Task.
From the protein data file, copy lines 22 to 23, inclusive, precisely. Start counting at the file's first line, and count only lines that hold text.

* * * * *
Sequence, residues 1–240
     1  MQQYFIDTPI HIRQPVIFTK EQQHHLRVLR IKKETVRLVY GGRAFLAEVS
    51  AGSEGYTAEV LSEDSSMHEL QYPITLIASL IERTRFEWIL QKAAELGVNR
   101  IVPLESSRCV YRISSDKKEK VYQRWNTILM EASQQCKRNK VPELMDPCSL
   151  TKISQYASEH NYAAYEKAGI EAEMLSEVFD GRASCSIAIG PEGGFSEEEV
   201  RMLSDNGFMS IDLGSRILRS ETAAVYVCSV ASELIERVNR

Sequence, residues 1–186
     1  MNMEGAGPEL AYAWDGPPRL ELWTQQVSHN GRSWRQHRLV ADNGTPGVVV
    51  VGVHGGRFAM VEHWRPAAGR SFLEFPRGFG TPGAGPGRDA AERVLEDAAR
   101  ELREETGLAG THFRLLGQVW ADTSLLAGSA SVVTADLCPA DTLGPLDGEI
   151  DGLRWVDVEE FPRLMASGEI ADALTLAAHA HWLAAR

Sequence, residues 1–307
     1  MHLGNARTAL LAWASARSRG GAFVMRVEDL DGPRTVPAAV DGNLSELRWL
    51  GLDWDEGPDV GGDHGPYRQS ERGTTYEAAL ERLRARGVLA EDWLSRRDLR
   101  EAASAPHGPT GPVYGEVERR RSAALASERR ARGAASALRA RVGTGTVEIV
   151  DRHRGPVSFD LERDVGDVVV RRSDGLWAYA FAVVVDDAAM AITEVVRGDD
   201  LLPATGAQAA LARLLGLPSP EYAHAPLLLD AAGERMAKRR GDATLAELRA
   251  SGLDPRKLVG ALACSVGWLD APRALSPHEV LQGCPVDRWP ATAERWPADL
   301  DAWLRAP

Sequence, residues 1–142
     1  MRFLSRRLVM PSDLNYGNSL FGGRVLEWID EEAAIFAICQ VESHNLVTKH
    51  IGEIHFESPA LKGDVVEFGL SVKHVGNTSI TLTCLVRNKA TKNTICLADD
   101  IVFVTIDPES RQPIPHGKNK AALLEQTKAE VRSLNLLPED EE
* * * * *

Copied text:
    51  IGEIHFESPA LKGDVVEFGL SVKHVGNTSI TLTCLVRNKA TKNTICLADD
   101  IVFVTIDPES RQPIPHGKNK AALLEQTKAE VRSLNLLPED EE